Another benefit of multiple apps would be security. One issue I see with a single app controlling every credit card is that it forms a single point of failure (in terms of a security breach). Personally, I also think the banks and financial institutions have a much longer history writing software that secures our payments, so an app from Visa may have tighter security that one from Google, Microsoft, Apple or another non-financial institution.


Google Wallet is a cool and useful app. Unfortunately, the number of phones that support the app are limited, and the NFC readers are only in a few big name stores. But, it’s nice to use the future today (unless you’re from Japan, then paying with your phone is old hat).

Install JDK 7 u5 on Ubuntu 12.04 LTS (as a secondary JDK)


I had installed JDK 6.0 update 31 in an earlier post. However, I now need to write a Java application that requires the features available in JDK 7.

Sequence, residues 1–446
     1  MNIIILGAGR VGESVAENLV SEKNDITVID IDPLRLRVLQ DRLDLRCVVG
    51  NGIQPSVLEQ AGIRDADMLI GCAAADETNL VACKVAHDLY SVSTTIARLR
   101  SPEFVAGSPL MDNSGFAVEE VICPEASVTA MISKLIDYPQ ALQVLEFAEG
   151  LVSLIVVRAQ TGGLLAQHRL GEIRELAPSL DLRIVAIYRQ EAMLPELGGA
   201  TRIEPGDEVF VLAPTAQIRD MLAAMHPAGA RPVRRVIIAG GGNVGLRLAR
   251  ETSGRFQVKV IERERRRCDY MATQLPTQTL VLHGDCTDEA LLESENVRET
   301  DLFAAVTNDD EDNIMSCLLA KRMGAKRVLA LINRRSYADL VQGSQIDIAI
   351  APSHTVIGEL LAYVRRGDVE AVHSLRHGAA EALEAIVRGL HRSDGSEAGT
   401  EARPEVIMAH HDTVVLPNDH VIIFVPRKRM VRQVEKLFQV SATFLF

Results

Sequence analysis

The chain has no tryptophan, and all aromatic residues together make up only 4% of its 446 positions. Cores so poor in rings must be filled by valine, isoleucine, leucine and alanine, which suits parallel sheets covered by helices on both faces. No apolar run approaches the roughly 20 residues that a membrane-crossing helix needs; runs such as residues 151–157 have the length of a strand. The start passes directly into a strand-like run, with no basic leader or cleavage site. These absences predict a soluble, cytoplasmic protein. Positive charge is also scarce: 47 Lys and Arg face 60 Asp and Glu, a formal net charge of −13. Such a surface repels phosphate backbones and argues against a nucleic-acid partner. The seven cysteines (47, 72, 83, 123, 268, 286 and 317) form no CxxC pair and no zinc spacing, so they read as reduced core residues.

In this post, I will install JDK 7 update 5 as a secondary JDK, while JDK 6.0 u31 will be the primary JDK. It’s perfectly normal to have multiple JDKs on a single machine to support the requirements of different applications. Fortunately, it’s easy to use a different JDK on a per application basis.


I have a 64 bit version of Ubuntu 12.04 LTS installed, so the instructions below only apply to this OS.

  1. Download the Java JDK from
  2. Click Accept License Agreement
  3. Click dk-7u5-linux-x64.tar.gz
  4. Login to with your Oracle account
  5. Download the JDK to your ~/Downloads directory
  6. After downloading, open a terminal, then enter the following commands.


Open a terminal, then enter the following commands:

cd ~/Downloads
tar -xzf jdk-7u5-linux-x64.tar.gz

The jvm directory is used to organize all JDK/JVM versions in a single parent directory. As this is our 2nd JDK, we’ll assume that the jvm directory already exists.

sudo mv jdk1.7.0_05 /usr/lib/jvm

The next 3 commands are split across 2 lines per command due to width limits in the blog’s theme.

sudo update-alternatives --install "/usr/bin/java" "java"  \
	"/usr/lib/jvm/jdk1.7.0_05/bin/java" 2
sudo update-alternatives --install "/usr/bin/javac" "javac"  \
	"/usr/lib/jvm/jdk1.7.0_05/bin/javac" 2
sudo update-alternatives --install "/usr/bin/javaws" "javaws"  \
	"/usr/lib/jvm/jdk1.7.0_05/bin/javaws" 2
sudo update-alternatives --config java